Apple, Choice and the Aussie pricing picture

Apple has come under fire from Choice Australia for its pricing strategy in relation to the iPhone 5c/5s. I think they’re both right — and wrong.
Choice at least didn’t fall into the typical and rather idiotic hole of comparing the US contract prices to Australian outright prices; the $99/$199 iPhone 5c $199/$299/$399 US prices are contract prices, and we simply don’t have the comparable data from Australian carriers to make a sensible comparison yet. I mentioned that in the Liveblog even before the event had started, and still it ran wild through Australian social media like a wave of stupidity. It’s just that predictable now.
Geoff Quattromani over at NotAnalog has an excellent bit of data crunching comparing US and Australian contract prices as they relate to the Galaxy S4 — because that’s data we can look at — that concludes that the grand total of contract difference for that handset is $175. That’s $175 in favour of Australians, and for a better service to boot. I have no idea if iPhone 5c/5s contract pricing will be similar, although that $399 upfront 5s cost does give me a lot of pause for thought.
I don’t entirely fault Choice’s analysis of outright prices, using the stated outright purchase price via T-Mobile, because those are available figures, and they’re like for like in terms of what you get in hardware terms. We’re still paying a premium for a physical good, and that’s not a great thing.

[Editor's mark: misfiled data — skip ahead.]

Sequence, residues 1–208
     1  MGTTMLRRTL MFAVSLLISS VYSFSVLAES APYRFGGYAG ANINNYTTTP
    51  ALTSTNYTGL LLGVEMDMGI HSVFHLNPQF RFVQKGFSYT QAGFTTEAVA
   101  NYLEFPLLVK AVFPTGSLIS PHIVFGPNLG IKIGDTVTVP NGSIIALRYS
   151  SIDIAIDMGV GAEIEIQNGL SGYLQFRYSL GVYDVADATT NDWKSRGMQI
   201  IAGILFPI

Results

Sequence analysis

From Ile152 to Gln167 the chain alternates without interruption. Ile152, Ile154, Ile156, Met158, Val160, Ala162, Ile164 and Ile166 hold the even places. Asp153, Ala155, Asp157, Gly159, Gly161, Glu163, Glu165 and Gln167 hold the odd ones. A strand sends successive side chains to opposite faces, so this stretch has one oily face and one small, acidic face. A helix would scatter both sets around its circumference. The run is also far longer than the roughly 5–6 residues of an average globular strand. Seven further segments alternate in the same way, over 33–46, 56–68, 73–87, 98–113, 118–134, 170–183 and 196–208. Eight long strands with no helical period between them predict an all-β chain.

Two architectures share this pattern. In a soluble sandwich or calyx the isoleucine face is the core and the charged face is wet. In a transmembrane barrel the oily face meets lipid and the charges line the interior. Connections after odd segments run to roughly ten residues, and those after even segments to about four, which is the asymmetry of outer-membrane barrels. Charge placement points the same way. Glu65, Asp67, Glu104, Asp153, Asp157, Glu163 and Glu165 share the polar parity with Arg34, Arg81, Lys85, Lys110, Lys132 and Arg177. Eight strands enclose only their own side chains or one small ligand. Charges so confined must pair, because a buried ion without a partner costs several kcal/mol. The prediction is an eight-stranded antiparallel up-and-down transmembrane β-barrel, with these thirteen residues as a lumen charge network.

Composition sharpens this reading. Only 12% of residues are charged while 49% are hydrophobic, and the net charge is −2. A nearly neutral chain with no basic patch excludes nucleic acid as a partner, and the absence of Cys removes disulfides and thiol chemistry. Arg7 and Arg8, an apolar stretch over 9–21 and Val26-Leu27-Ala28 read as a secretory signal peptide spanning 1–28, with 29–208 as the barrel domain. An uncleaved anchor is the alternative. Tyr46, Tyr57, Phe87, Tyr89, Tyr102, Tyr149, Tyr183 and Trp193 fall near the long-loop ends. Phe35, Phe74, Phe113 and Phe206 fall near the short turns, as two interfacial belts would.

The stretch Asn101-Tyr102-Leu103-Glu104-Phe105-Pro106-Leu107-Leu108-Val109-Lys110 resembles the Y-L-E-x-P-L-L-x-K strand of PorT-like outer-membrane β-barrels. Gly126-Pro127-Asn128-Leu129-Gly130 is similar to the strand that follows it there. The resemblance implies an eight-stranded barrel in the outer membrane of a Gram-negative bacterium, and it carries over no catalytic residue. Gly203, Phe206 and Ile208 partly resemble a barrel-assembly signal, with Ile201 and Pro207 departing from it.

Yes, Australia is a smaller market, and that has impact on pricing, and it can’t be ignored. That’s exactly what Choice does, although it occurs to me that most folk will look at those prices and take the exchange rate as absolute. It fluctuates, and it ignores (at a personal level, but then most people aren’t buying fleets of phones) any commission or transaction fees you might pay at currency exchange. That’s not always a factor depending on how you do the currency conversion, but I could very easily see it eroding that percentage away.
Equally, I’m not entirely sold on the idea that a large majority of users are looking for outright purchase. Outright purchase is what I do myself before anyone complains of looking too anecdotally, by the way.
I also rather strongly suspect that those complaining the loudest are those who wouldn’t buy an iPhone anyway — which they’re free to do, choice (with a small c) being a good thing and all that — but I do think it comes down to market difference anyway. It was a long time before you could even buy an outright iPhone in the US, and it’s not a concept that appears to have a lot of traction there.
I’m in the US at the moment (attending IDF, which you can read here and here, and, disclaimer: I’m here as a guest of Intel), and all the coverage I’ve seen talks about two year contracts. All the advertising for any phone or carrier talks about contracts. I’m sure there are US citizens who buy phones outright, but that’s not where the advertising goes, and advertising tends to chase the way that people spend their money, because they want that money.
When we’ve got Australian contract pricing, it’ll be easier to draw a direct comparison with some meat behind it. Choice isn’t wrong entirely, but we simply don’t have the full picture.
Source: Choice

3 thoughts on “Apple, Choice and the Aussie pricing picture”

    1. Actually, that’s mentioned — Choice’s table lists ex and with GST pricing — but yes, it’s an often overlooked issue in US pricing comparisons.

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